Like the other major domestic automakers, Ford is in the midst of restructuring its North American operations. As we have learned over the years, ‘restructuring’ is pretty much synonymous with ‘job cuts’, which happens to be the case with Ford. However, unlike its first round of buyouts in 2006, Ford is finding the goings much more difficult with its second round of North American buyouts.
The terms of Ford’s buyouts remain the same, but the Blue Oval is finding it much more difficult to find eligible employees to accept the deal. In 2006, about 34,000 workers accepted buyout or early retirement deals. Thus far through 2008, only 4,000 workers have accepted Ford’s offer.
While the terms of the packages remain the same, the North American economy has changed quite a bit over the last two years. People are wanting to hold onto their jobs in today’s economic climate, making Ford’s job cut targets all that much more difficult.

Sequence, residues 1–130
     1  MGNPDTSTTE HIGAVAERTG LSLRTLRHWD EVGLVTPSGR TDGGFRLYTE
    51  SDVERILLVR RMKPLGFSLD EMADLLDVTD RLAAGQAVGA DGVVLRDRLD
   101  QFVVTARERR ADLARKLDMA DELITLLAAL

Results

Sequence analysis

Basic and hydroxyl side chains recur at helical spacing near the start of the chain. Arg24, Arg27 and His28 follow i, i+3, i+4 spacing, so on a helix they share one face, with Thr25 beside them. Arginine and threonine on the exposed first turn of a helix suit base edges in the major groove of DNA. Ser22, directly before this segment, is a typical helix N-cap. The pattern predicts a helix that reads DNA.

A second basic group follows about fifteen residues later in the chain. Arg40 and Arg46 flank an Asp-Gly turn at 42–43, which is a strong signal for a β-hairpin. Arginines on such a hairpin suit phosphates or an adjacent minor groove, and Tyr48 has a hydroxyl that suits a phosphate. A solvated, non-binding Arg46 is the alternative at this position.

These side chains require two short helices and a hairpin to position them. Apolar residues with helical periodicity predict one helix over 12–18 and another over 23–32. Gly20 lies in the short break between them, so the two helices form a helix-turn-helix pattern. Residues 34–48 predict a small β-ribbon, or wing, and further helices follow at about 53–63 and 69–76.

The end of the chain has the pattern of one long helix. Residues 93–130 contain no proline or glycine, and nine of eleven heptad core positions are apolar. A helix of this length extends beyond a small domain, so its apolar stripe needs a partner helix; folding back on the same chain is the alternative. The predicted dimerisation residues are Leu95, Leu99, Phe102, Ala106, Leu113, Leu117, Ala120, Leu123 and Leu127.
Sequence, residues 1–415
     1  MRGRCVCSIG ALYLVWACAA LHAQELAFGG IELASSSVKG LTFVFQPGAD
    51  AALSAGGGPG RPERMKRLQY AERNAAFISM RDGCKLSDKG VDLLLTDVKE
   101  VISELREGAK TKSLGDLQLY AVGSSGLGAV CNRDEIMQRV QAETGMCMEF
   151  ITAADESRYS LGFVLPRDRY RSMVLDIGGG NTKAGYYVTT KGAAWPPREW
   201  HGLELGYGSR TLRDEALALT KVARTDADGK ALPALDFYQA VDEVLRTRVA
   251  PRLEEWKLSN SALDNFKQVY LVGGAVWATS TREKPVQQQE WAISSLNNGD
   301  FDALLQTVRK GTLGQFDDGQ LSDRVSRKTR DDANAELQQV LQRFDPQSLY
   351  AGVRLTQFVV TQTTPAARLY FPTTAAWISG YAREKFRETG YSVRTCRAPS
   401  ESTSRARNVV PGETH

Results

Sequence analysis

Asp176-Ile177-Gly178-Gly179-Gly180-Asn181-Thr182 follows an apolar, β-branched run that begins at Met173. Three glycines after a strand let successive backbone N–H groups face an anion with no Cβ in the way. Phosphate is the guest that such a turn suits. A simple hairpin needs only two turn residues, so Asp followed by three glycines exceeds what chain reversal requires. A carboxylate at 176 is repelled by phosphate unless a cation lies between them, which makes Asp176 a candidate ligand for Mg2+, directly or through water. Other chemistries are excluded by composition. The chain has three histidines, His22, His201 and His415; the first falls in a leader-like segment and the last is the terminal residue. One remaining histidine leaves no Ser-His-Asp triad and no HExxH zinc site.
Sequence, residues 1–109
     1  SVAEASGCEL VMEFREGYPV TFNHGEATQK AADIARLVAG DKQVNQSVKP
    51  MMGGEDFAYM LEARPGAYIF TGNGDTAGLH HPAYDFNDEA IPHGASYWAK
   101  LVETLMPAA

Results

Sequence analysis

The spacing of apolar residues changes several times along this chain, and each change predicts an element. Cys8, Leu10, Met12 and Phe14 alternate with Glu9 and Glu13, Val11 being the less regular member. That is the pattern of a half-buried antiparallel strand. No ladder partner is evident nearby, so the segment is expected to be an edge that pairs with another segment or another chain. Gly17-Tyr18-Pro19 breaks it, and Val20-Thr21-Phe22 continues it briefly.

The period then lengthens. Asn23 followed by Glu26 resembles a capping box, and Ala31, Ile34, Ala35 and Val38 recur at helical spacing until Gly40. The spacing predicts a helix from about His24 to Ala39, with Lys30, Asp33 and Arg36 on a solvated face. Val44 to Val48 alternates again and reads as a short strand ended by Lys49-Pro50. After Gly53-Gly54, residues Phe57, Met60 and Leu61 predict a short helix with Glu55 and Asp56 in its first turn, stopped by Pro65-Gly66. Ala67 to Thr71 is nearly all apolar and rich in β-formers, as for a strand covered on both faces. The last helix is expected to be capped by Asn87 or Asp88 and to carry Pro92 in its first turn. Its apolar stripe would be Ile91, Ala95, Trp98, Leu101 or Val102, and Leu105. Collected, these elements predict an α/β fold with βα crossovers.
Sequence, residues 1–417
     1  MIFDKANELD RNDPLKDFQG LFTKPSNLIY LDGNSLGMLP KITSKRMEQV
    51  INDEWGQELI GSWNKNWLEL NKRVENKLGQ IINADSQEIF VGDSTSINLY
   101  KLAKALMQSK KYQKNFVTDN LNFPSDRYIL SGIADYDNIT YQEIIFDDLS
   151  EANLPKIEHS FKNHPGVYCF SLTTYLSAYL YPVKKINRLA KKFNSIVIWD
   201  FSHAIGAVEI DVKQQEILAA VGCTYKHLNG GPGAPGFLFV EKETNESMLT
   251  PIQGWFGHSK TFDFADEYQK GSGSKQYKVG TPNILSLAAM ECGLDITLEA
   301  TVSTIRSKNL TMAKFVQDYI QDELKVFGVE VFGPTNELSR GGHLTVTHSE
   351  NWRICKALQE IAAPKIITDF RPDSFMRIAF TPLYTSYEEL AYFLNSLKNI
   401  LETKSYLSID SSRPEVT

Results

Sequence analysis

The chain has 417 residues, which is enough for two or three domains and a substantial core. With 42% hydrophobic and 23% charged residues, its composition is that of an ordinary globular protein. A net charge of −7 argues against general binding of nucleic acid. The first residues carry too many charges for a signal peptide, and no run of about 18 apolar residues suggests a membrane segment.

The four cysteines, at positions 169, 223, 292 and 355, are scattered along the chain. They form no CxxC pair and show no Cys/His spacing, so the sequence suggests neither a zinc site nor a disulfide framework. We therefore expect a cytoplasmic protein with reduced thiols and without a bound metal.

However, Ford is warning eligible employees that they might not be making that much more on the job than in retirement because of Ford’s cutback of overtime hours. “We make it clear to people they are capped at 40 hours instead of sometimes 60, especially retirement-eligible employees,” Joe Hinrichs, Ford group vice president of global manufacturing and labor affairs, told Automotive News. “We’ve had a massive reduction in overtime.”
According to Automotive News, Ford is targeting about 8,000 job cuts in 2008. Since 2005, Ford has slashed its North American workforce from 135,700 employees to about 84,700.